In an aligned argument, Energy Works for US criticizes the use of renewable portfolio standards as well as wind and solar subsidies because of their negative effects on nuclear power. The report states that these efforts “have distorted wholesale power markets;” make it “difficult for existing nuclear power plants to operate, [and] discourage[s] new plant construction;” and threaten to “force out nuclear power.”[18]  Additionally, Energy Works for US bemoans the morass of regulations but neglects to tell us that access to the bureaucracy, including the Obama White House, heavily tilts in favor of industry and limits participation by citizens and public interest groups.[19] And, finally, a completely legitimate claim made by the Chamber is that inconsistent regulations make planning and investment risk real and, therefore, costly. And yet it continues to harp on legislation such as the Reins Act and the Regulatory Accountability Act both of which would bring regulatory issues back to Congress, tie them up in cost-benefit analyses, and restrict judicial review.  Such proposed legislation subjects agency decisions to the biennial political process rather than have those congressionally-delegated problems address by expert agencies.  Consequently, to the extent that the Chamber wants reliability, subjecting regulations to the political whims of whichever party is in power at the time goes counter to sound planning for financial investment.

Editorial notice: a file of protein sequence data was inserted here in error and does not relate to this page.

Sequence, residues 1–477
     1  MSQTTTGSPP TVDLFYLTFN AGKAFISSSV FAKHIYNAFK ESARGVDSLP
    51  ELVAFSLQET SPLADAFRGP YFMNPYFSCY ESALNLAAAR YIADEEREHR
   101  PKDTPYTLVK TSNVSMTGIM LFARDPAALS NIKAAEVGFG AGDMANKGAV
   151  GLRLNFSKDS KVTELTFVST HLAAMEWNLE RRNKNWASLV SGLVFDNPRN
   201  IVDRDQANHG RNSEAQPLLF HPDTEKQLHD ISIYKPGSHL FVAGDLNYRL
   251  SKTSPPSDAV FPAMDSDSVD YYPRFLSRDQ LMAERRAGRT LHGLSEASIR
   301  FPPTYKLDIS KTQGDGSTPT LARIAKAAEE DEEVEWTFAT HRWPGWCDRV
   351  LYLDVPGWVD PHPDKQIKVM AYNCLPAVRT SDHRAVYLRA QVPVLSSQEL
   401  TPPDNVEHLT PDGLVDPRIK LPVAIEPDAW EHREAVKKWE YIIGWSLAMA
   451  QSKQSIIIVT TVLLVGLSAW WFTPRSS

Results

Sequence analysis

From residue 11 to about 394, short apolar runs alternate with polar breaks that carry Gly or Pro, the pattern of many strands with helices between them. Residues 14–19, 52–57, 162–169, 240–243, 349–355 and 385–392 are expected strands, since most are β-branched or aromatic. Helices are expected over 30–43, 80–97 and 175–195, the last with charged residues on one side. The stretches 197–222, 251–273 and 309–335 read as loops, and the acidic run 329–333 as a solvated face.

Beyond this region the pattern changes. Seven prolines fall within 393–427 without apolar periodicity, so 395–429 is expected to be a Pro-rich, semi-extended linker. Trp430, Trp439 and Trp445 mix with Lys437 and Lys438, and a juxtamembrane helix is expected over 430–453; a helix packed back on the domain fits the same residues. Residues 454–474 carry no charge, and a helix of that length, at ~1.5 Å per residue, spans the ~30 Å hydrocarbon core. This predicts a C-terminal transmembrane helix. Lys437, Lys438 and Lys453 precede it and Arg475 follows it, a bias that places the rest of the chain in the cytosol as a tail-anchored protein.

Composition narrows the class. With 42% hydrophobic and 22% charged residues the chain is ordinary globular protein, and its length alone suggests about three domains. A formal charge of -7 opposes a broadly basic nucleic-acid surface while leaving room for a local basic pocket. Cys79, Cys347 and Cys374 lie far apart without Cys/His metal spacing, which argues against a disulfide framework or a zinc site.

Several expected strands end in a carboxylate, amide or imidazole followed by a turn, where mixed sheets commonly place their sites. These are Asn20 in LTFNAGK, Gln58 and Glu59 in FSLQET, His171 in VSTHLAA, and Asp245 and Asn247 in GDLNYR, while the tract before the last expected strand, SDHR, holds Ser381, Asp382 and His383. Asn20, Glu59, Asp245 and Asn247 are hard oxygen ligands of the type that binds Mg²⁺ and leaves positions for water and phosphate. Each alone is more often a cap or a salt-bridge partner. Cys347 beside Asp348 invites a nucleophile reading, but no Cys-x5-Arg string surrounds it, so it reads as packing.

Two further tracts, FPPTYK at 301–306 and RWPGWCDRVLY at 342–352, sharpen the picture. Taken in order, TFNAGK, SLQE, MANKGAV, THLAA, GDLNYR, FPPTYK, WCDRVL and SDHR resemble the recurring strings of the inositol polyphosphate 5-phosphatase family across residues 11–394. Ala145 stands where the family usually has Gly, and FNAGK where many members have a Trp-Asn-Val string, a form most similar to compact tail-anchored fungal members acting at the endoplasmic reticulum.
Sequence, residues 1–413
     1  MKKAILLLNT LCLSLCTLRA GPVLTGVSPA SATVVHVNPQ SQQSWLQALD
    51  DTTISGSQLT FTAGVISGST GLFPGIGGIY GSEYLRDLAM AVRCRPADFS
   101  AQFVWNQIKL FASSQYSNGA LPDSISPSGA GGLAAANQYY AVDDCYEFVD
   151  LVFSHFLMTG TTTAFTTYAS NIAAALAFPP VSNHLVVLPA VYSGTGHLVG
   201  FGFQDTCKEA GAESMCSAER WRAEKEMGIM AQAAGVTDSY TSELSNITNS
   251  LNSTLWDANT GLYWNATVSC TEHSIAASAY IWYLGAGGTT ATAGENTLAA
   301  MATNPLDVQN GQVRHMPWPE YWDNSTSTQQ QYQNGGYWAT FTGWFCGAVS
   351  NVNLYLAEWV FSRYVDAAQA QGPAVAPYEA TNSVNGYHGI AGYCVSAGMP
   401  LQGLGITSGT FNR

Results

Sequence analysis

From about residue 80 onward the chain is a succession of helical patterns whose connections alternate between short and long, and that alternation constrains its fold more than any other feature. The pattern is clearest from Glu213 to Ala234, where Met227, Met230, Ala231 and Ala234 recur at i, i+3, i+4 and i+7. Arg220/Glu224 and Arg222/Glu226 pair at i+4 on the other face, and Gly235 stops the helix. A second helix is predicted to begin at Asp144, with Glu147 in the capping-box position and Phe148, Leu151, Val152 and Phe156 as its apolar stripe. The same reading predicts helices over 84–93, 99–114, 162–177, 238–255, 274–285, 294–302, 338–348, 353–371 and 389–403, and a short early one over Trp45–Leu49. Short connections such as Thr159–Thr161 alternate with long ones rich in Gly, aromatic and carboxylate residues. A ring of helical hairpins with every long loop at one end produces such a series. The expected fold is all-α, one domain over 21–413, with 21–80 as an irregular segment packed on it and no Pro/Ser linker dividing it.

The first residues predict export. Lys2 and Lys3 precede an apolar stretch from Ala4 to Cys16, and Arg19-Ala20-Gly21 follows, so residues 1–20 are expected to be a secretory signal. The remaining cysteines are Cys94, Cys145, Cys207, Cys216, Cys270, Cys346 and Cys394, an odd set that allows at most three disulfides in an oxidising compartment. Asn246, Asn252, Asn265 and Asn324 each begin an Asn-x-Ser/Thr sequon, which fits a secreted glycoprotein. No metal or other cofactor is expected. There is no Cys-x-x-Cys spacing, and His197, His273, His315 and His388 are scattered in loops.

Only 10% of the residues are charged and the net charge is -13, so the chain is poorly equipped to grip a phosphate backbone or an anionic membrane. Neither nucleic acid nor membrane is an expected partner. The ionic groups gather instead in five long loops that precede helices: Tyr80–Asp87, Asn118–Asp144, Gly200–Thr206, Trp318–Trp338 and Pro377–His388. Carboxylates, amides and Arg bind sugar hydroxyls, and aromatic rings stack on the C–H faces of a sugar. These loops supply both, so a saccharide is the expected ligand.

Finally, I mention one glaring inconsistency.  The Chamber has long opposed federal regulation and yet the report is replete for calls for special regulation for the projects it likes. In Chapter 5 alone, the report recommends no fewer than nine congressional or administrative actions to promote energy efficiency. These are laudable recommendations and throughout the report, the Chamber is not reluctant to promote regulations it prefers.    Any discussion of our energy future depends upon sound and reliable analyses and such analyses must be forthright in recognizing that government is not the enemy of national energy policy; it is, and has been, the chief architect.  By ignoring this reality, Energy Works for US does not advance that discussion.

Energy Works for US can be applauded for an overview of both fossil fuel and alternative resources. It can, however, be faulted for a partial and, at times, misleading analysis of the energy future.  Its promotion of a fossil fuel economy takes pride of place in the report.  As a consequence, the report neglects the most serious environmental challenges to a vibrant energy future and, its political rhetoric simply gets in the way of the report’s potential reliability and therefore, value.